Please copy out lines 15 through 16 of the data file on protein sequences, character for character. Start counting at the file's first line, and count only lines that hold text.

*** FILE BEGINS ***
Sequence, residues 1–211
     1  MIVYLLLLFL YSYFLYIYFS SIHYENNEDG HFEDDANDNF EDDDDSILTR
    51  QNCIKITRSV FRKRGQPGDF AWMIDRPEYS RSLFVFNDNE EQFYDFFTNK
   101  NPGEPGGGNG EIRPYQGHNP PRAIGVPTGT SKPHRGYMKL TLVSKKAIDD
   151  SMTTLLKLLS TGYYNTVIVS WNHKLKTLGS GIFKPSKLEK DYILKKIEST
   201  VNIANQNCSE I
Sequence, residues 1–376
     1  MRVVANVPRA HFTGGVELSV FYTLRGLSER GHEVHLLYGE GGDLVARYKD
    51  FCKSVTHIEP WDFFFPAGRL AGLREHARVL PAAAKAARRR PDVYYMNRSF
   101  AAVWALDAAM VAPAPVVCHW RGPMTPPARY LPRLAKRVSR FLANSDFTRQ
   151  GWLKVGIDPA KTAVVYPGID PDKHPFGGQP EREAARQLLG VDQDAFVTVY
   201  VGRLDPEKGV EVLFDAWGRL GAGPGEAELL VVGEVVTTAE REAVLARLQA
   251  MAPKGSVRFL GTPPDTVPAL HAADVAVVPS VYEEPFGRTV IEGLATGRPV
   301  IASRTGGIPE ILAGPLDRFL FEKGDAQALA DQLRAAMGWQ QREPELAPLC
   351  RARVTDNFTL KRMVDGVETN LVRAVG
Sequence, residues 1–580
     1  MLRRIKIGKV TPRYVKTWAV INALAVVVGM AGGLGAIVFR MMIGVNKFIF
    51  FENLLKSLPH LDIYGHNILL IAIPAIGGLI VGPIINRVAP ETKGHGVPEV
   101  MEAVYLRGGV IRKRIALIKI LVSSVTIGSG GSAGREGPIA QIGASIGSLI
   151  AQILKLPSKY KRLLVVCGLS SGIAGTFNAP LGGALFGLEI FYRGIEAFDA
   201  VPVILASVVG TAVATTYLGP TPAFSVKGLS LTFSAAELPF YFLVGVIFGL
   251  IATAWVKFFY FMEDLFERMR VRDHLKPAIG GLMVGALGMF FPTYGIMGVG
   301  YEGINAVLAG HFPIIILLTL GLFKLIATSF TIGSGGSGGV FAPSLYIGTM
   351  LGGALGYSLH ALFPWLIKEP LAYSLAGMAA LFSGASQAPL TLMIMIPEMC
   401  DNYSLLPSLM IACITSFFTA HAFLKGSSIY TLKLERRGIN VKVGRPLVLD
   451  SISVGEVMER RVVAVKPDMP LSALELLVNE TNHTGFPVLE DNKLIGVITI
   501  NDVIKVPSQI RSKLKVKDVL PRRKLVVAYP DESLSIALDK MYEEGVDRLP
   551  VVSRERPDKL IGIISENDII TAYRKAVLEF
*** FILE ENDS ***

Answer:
   351  RARVTDNFTL KRMVDGVETN LVRAVG
Sequence, residues 1–580